How social tools work for project management
There’s no question that project management is a social job. Good project managers communicate, build consensus, persuade, and influence others to achieve goals. With the rise of social software platforms, many of them are coming to believe that transparent collaboration and planning make for faster work flow, better results and happier teams.
A social, people-central project management environment centralises communication, gives team members visibility into every phase of their projects, grants individuals responsibility and autonomy for their interconnected tasks, and removes teams from the silos of email. As a result, everyone’s time is used more effectively and efficiently and no one is wasting time chasing down updates or being left in the dark guessing about the status of your project.
Teams using a non-collaborative scheduling tool, those that are centralised or managed by one person, suffer a number of frustrations: unclear priorities, people working on tasks that aren’t the best use of their time, and missed deadlines because one person is picking end-dates without a clear picture of how long tasks take: the list goes on.
As a result, businesses are now implementing project management software that is more social for several reasons. Collaborative project tools provide one location for all interactions—reviewing documents, making comments, assigning tasks—and eliminate the patchwork of planning tools that often includes email, spreadsheets, and sticky notes. When it comes to project administration, many hands make better and more manageable work, and a more accurate schedule. If updating the schedule is solely the project manager’s responsibility, it falls quickly out of date due to daily firefighting, coordination, meetings, and vacations.
Social project management provides transparency into the production cycle and project needs to meet a deadline. This open plan structure creates a clear understanding of how all players are contributing to the team, which encourages the commitment and participation from team members required for success.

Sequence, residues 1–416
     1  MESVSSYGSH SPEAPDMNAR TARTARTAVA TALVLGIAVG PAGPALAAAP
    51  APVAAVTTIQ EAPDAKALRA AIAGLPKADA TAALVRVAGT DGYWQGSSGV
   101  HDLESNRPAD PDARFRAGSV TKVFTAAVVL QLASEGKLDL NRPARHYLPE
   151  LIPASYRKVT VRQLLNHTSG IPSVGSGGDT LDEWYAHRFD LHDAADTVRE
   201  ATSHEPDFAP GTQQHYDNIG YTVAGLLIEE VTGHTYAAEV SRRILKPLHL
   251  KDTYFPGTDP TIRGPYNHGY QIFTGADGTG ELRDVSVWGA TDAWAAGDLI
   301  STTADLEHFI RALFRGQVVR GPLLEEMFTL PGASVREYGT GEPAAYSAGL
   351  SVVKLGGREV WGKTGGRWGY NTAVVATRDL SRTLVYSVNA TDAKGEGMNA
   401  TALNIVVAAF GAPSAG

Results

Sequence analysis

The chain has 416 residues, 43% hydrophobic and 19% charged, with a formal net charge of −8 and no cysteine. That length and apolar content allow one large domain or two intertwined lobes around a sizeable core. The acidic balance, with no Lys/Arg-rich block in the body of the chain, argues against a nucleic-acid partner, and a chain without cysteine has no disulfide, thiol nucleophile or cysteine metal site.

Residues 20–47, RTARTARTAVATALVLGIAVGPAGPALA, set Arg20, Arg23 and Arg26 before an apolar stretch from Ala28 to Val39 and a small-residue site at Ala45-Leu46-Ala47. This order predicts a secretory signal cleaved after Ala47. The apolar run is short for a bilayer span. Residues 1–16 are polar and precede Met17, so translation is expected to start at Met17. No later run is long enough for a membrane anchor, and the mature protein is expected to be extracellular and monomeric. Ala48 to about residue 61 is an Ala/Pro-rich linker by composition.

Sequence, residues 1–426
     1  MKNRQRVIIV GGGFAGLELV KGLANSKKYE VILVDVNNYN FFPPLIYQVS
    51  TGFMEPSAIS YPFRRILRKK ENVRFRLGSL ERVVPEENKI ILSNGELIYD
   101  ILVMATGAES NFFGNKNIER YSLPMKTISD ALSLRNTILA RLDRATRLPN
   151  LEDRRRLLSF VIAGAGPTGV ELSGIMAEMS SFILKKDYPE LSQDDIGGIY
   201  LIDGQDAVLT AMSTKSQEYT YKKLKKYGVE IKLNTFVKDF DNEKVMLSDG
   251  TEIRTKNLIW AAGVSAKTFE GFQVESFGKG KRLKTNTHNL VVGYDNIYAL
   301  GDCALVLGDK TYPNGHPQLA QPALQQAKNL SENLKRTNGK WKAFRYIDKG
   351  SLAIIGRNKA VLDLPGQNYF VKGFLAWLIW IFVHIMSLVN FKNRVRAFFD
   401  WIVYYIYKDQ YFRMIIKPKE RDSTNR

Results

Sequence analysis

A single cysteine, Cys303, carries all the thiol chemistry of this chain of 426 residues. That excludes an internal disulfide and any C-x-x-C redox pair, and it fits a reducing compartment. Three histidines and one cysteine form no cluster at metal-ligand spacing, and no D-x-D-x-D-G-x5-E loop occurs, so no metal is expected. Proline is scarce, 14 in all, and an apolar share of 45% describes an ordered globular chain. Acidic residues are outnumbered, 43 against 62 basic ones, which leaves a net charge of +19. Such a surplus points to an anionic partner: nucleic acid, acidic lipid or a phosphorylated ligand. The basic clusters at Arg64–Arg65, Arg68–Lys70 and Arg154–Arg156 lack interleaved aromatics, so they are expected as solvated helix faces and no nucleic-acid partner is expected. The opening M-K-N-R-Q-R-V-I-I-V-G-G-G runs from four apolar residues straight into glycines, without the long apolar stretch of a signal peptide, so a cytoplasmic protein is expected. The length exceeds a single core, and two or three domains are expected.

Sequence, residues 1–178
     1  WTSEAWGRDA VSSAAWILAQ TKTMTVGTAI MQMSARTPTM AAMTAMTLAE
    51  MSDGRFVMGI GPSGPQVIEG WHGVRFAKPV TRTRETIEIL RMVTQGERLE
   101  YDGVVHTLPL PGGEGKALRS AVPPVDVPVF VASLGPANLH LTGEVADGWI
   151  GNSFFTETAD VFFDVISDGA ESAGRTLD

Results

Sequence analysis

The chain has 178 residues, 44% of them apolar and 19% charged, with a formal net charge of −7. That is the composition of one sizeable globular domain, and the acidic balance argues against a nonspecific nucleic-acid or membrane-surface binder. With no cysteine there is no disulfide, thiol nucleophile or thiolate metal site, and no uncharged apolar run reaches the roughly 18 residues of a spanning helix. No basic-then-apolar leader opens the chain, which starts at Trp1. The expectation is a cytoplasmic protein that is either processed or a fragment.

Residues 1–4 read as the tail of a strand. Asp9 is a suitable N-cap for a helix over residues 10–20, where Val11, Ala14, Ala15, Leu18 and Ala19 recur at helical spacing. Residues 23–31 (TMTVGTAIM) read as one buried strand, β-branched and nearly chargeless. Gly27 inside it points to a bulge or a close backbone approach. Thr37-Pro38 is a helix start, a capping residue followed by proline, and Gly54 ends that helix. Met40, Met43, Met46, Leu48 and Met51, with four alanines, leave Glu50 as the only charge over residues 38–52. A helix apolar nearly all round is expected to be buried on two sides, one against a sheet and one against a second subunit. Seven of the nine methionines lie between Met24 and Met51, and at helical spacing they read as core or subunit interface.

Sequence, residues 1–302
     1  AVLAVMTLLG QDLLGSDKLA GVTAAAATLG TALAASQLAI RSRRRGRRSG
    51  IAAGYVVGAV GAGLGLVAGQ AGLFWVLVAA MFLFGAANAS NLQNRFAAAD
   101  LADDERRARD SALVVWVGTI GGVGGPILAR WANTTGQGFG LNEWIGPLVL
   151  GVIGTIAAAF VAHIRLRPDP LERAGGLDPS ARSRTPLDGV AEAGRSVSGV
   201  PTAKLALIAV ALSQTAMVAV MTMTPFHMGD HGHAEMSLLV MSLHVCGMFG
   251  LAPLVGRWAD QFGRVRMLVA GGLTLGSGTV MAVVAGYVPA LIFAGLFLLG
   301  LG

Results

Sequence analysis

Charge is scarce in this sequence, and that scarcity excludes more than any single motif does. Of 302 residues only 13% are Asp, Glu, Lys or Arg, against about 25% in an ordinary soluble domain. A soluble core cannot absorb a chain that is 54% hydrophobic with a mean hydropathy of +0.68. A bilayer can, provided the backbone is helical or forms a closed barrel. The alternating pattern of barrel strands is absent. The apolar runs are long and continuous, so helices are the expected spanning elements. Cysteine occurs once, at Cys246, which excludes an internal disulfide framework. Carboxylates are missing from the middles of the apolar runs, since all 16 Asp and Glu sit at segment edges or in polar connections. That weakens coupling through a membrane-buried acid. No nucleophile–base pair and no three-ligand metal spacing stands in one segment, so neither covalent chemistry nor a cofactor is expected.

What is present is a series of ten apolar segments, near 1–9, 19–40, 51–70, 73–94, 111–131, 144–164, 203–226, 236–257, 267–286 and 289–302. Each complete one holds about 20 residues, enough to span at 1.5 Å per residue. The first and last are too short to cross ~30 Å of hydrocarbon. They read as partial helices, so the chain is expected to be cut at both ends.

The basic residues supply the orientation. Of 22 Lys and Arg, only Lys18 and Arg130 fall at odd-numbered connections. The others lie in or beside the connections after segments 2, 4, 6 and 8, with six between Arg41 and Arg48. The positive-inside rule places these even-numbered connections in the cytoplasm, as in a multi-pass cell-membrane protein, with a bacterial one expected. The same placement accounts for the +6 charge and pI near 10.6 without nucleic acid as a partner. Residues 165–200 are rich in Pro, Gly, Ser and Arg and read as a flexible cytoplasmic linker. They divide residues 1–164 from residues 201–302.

Teams prefer technology for internal collaboration that aligns with the use of Facebook, Twitter, LinkedIn and instant messaging software. This means incorporating commenting features that support team members communicating throughout the lifecycle of a project or task; showing conversation threads as a bird’s eye overview of what all team members are saying about their projects (think Facebook wall); having one location to store documents and all their revisions, and receiving notification alerts when work is ready.
Eliminating email overload
Less email clutter is another benefit of collaborative project management. Email overload is a common affliction that comes with the following costly side effects: huge amounts of wasted time, difficulty locating information, and ‘lost’ business intelligence. When projects are overseen by a single manager, they’re often dependent upon email to move things along. I don’t have to remind you what a drag it can be to get an inbox filled with 20 email threads on a single project or task.
Ask me about the future of project management, and I’ll tell you that social planning tools will be the new normal for high performing teams. Instead of referencing outdated Gantt charts, people will be crossing off checklists and referencing real-time schedules. The scatter of emails, spreadsheets and manual updates will be replaced by projects managed in one space that holds every comment, conversation, document draft and team member who’s involved.
The benefits are already striking at the core of our clients’ businesses. Tangent Engineering saw a 30-40% increase in the amount of projects they could handle after using our social project management scheduler. Beneport, an enrolment solutions business, went from capturing 20% of a project’s tasks in individual spreadsheets to 100% of their task details using a social and collaborative tool. In a third example, a team leader at Rotork, the world’s leading manufacturer of industrial valve actuators, reported that managers and directors had more confidence that projects would meet estimated deadlines after his team started managing projects in one central planning location.
If you’re looking to help your team to heighten performance and to maintain its competitive edge, take a good look at the tools and processes you use to get work done. You might find that a shift to social project management is just what you need to move the needle.